Saul Williams and Anisia Uzeyman ponder post-colonisation in this percussive, transcendental Afrofuturist musical.
In the mesmerising, tech-saturated Burundi conjured by co-directors/life partners Saul Williams and Anisia Uzeyman for their unclassifiable, often mystifying film Neptune Frost, setting can safely take precedence over plot. The particulars of what’s going on in a knotty story involving actors sharing roles, conversant in a poetic dialect that filters character and motivation through hard-to-parse abstraction, may pose an obstacle to first-time viewers. “Unanimous goldmine,” for starters, serves as a salutation between the “resource-rich”.
But the sheer wealth of inspiration on display, along with the more legible themes of globalism’s growing pains, prove more than enough to compel a second viewing. Williams and Uzeyman work in a mode of rich ideas and vibes, both so plentiful that the narrative obliqueness feels less alienating and more like an inviting challenge. It earns the attention it demands.
In broad strokes, the script could be said to focus on the intimate, forbidden bond between on-the-lam intersex hacker Neptune (played first by Elvis Ngabo, then Cheryl Isheja) and rebellious miner Matalusa (Kaya Free). There’s a slow-burning love between them, but like the other emotional currents at play elsewhere, it’s attuned to a complex localised mythology befitting the project’s origin as a graphic novel.
A cataclysmic conflict between hazily defined factions is a-brewing, though the stakes – nothing short of the soul of Africa, denuded of its resources and left by industrial concerns to wither – are evident. The loose logic threading together the disjointed scenes does come in handy when the handful of electro-pop musical numbers set in, our gameness for whatever oddity the film can dish out extending to its spontaneous eruptions into song.
Among the more memorable soundtrack cuts is ‘Fuck Mr Google’, a scene that lays bare its oppositional stance to the encroaching exploitation by digital conglomerates. Matalusa labours in a coltan concern, a mineral used in the manufacturing of circuitry for cell phones and computers, and the toll they exact informs both the political alignment as well as the overall aesthetic with which it coalesces.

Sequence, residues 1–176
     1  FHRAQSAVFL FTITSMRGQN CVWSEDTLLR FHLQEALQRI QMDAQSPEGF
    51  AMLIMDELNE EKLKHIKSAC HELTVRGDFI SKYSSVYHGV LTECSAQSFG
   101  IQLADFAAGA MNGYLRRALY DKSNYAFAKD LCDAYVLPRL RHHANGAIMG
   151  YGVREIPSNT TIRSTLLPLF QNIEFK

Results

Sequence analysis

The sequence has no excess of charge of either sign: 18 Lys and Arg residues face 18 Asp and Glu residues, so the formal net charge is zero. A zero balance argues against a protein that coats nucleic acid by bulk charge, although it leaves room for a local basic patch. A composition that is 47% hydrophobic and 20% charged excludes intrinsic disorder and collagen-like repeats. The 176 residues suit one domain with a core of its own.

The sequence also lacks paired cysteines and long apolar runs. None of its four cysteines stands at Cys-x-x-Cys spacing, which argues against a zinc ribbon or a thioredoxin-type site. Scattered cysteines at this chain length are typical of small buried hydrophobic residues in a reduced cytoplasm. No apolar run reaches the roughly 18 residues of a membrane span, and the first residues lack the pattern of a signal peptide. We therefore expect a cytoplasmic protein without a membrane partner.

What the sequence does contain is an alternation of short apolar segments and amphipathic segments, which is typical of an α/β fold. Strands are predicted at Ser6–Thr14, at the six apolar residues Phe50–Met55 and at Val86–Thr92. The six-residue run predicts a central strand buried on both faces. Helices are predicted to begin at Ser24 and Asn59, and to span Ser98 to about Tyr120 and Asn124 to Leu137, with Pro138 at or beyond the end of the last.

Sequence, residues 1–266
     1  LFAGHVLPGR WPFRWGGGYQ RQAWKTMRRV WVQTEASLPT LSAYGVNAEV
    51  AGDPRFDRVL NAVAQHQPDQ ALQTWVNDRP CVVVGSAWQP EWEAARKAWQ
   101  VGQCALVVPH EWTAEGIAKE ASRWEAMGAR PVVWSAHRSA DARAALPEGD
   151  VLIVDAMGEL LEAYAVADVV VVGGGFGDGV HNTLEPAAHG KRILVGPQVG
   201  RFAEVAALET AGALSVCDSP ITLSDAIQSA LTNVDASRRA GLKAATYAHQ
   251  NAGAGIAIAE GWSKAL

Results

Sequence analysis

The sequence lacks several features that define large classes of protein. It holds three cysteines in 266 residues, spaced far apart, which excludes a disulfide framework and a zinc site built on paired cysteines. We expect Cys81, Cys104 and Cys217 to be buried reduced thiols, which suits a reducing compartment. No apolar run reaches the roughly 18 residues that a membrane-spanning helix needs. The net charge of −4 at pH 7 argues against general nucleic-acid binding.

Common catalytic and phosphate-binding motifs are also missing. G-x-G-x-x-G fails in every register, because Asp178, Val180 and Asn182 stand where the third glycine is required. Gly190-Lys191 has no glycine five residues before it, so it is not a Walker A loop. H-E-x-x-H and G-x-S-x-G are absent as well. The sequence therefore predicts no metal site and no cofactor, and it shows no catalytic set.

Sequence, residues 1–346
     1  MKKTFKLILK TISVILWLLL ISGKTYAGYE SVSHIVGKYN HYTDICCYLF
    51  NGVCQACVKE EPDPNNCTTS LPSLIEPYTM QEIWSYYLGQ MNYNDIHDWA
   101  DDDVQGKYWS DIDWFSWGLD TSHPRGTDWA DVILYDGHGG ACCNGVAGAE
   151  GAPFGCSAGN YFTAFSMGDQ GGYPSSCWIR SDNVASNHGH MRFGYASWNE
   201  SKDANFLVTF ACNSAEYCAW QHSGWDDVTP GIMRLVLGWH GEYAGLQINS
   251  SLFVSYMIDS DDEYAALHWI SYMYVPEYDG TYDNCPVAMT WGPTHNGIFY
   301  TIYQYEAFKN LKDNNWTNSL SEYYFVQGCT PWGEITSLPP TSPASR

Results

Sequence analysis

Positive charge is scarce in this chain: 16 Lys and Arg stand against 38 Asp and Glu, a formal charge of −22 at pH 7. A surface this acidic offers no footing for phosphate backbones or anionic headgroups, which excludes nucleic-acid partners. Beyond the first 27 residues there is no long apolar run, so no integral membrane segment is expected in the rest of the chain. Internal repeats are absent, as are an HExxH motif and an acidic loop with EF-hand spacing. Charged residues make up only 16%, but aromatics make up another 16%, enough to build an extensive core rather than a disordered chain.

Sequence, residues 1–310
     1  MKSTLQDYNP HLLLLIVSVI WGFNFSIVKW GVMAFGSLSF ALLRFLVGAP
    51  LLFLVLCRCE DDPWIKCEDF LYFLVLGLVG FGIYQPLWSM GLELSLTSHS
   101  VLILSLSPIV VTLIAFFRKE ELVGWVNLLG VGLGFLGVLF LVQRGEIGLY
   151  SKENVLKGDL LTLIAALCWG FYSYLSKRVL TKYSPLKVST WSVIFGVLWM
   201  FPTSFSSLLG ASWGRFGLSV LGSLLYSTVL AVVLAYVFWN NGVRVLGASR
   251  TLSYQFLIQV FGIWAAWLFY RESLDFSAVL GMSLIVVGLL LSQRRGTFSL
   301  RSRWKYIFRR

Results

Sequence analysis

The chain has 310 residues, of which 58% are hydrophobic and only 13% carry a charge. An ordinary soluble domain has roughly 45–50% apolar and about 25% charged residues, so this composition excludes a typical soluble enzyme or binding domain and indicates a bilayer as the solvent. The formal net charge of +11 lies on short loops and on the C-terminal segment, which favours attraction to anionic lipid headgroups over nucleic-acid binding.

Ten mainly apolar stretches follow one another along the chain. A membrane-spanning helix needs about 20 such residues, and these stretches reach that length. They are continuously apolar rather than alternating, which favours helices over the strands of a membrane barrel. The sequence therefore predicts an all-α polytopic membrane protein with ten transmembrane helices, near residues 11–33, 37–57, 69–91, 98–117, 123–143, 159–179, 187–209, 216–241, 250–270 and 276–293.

Embellished by blacklit pops of purple and orange, occasionally filtered through an effect simulating a TV set’s screen, their world imagines the dystopia of Mad Max as a more specifically cyberpunk wasteland. (The Afrofuturist cult classic Welcome II the Terrordome might be a closer point of comparison.) Everyone’s surrounded by the ruins of gadget capitalism, with some integrating the detritus into their fantastic costuming, metal face masks made of spare wiring and a coat studded with keyboard caps being two of the most striking examples.
The craftiness with which the characters repurpose these materials places them in line with a long, accomplished tradition of African art defined by deprivation and innovation. Whether cooking whatever would grow in an arid climate or making music with anything on hand (many of the songs employ this legacy of natural percussion and call-and-response repetition), the pattern of this history advances from making do into excelling, the same triumphant stand made with the cleverly recycled production design.
Williams and Uzeyman’s call to action sounds out with force and clarity, however tangled the path to it may have been. Though imperial entities will do their worst in the campaign to choke every last dollar out of the denizens in the region, the “motherboard” connecting all the characters through a virtual channel of spirituality, they won’t be cowed. The gizmos grow obsolete, but the people subjugated by their creation will endure forever.
Published 12 Sep 2021
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